By W.A. Wijewardena –
Child’s Guide To Currency Board Systems – Part IV: Steve Hanke’s Crusade For Currency Boards
The conversation between Aseni, whiz kid in economics, and her Grandpa, Sarath Mahatthaya, an ex-official of the Finance Ministry, on currency board systems continues. Their previous conversation focused on why colonial Ceylon established a currency board in 1884, its performance during 1884-1950, and why independent Ceylon replaced it with a central bank, while Singapore chose to retain it. (Access them here. Today, they examine the role of a modern-day crusader of inflation tracking and currency boards, Steve Hanke, an economics Don at the Johns Hopkins University in USA.
Aseni: Grandpa, Steve Hanke has been releasing a tracker of global inflation and marked Sri Lanka’s inflation as the second highest at 131%. But some Sri Lankan economists have disputed Hanke and said that they do not agree with his inflation calculation. Their views have been published by a local English daily and could be accessed here. What is this dispute?
Sarath: Economics is a science, and the main feature of science is that its theories can be questioned by other scientists with proper validation. Science has advanced because of this specific feature. Therefore, there is nothing wrong in the local economists questioning what Hanke has been doing. These disputes and debates surely add to our knowledge. Hanke is a disciplined economist. Therefore, he will certainly welcome such criticisms if they are substantiated by valid facts. But what the newspaper has published is some sweeping statements attributable to those local economists for the benefit of its readers who love to read sensational stories. We must therefore dissect those statements, remove the sensational part, and see how far they have provided a fair criticism of Hanke’s work.
Aseni: I understand. But is there any validity in what the critics say?
Sarath: What critics say is that Sri Lanka calculates inflation in the same way as other countries do. It implies that there cannot be any deficiency in inflation numbers because Sri Lanka follows the global best practices. That global practice is to collect prices of select commodities from the market, assign weights for each commodity which are simply a measure of the importance of those commodities in a typical consumer’s basket, and incorporate those weighted prices into a consumer price index to see by how much the basket value has gone up.
The consumer price index so calculated reveals the average cost of living of a typical consumer. If the basket value goes up, we say that the cost of living has gone up. If it goes down, the cost of living is eased. When the increase happens for several months, we call it inflation. The opposite is the deflation. The data for computing the consumer price index are collected through periodical surveys conducted by special data agents. There are several deficiencies in this method.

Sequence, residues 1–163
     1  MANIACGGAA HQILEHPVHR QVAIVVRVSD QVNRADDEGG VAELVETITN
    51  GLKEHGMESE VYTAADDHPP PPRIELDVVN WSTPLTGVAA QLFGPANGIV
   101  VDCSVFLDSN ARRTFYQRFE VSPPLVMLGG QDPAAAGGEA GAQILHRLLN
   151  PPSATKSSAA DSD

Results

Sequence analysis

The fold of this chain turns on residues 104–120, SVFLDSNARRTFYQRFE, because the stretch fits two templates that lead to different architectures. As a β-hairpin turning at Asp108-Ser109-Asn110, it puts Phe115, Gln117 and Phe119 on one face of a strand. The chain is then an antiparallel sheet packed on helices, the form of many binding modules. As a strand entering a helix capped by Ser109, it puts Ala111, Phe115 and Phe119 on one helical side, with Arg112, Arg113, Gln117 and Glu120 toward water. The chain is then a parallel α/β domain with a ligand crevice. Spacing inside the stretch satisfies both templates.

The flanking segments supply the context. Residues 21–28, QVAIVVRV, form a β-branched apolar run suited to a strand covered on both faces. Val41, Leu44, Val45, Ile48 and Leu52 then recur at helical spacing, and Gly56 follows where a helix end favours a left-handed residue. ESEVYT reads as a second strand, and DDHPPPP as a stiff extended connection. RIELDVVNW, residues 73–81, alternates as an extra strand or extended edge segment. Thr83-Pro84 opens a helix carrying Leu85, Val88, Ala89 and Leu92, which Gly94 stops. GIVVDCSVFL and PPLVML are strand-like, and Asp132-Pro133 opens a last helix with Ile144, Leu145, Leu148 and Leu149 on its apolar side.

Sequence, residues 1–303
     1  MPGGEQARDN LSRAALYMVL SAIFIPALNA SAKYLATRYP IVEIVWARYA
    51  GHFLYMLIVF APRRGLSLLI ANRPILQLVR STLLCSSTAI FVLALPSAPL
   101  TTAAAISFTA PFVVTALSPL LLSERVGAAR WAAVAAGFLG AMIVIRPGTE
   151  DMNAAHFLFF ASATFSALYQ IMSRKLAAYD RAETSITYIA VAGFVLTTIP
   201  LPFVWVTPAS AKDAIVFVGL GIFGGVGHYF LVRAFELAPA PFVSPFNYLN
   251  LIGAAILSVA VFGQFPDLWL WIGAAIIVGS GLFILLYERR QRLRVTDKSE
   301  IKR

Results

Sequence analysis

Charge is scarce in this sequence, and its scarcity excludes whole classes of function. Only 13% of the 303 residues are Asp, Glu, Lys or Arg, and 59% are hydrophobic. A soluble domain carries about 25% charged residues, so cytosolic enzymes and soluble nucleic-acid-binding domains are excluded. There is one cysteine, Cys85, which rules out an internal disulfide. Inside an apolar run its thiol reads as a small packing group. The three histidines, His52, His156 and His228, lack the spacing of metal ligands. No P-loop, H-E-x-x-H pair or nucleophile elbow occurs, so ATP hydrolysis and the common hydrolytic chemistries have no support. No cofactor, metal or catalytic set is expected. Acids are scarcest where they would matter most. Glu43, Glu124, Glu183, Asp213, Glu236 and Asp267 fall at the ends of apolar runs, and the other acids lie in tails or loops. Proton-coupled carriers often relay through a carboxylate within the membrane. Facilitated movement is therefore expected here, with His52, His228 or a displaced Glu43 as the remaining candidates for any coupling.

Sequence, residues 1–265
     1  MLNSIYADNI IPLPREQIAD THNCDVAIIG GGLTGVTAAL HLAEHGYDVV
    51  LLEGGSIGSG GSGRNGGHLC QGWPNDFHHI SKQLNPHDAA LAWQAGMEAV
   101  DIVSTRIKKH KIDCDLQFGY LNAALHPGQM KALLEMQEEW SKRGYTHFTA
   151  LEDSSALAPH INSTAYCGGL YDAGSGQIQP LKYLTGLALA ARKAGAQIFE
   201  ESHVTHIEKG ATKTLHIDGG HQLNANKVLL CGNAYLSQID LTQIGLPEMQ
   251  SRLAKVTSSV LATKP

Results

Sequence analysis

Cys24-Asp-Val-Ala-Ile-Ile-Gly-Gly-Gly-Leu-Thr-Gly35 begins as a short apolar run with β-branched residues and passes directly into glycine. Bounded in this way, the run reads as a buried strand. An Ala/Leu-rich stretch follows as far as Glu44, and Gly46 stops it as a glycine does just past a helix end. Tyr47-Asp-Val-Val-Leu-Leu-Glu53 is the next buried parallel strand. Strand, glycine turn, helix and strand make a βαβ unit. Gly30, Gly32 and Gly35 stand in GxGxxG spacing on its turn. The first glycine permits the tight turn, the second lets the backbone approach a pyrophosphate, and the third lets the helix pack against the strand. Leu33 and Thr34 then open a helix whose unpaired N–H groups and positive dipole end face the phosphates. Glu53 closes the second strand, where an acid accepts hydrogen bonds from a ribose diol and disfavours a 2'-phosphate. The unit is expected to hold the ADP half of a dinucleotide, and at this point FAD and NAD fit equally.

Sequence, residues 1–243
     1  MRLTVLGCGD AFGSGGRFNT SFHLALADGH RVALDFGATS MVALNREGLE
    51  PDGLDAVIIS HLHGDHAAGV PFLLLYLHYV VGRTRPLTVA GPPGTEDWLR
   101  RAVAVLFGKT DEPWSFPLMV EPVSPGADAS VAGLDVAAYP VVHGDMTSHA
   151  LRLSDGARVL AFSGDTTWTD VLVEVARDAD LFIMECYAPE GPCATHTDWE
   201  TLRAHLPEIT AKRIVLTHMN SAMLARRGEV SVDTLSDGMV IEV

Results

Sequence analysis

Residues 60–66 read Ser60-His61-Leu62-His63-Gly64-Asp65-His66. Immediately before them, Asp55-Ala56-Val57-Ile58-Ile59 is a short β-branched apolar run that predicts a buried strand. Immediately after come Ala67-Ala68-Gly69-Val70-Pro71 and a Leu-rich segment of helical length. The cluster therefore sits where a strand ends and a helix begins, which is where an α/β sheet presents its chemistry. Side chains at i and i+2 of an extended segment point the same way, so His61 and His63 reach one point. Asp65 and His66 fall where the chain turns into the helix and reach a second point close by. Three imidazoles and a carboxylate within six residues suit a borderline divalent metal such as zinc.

Aseni: What are those deficiencies? I thought that they are globally accepted methods.
Sarath: All economic numbers that we get are estimates and not actual numbers. Estimations have their own deficiencies. Price indexes that we compile also have several deficiencies. One involves the data collection errors. The price data are collected by special data collection agents, and they can make errors by omission or by commission. A second one is the assignment of wrong weights to different commodities in the basket used for compiling the indexes. This is specifically relevant to Sri Lanka today.
In the Colombo Consumers’ Price Index or CCPI, food category has been given the weight of 28% based on a survey done by the Census Department during 2012 through 2013. These weights may have changed by now, but they have not been revised. There is another change visible after the country was attacked by the COVID-19 pandemic in early 2020. That is, due to the non-availability of non-food goods in the market, consumers now spend a bigger portion of their income on food items. Hence, inflation measured by that index is broadly underestimated. For example, in CCPI, the food category has increased by 47% by the end of April 2022, but the inflation rate is recorded as 29.8% because of the low weight given to the food category.
The third deficiency is the more alarming one. That is, governments might manipulate the indexes to show a low inflation rate to demonstrate the success of their policies. It is now well established that Argentina had manipulated inflation numbers during 2007 to 2015 to show a lower inflation than the actual one. But Argentina is not the only country which has resorted to this practice. Hanke’s work has exposed these countries.
Aseni: How does Hanke’s inflation tracker become superior to inflation measured by compiling price indexes?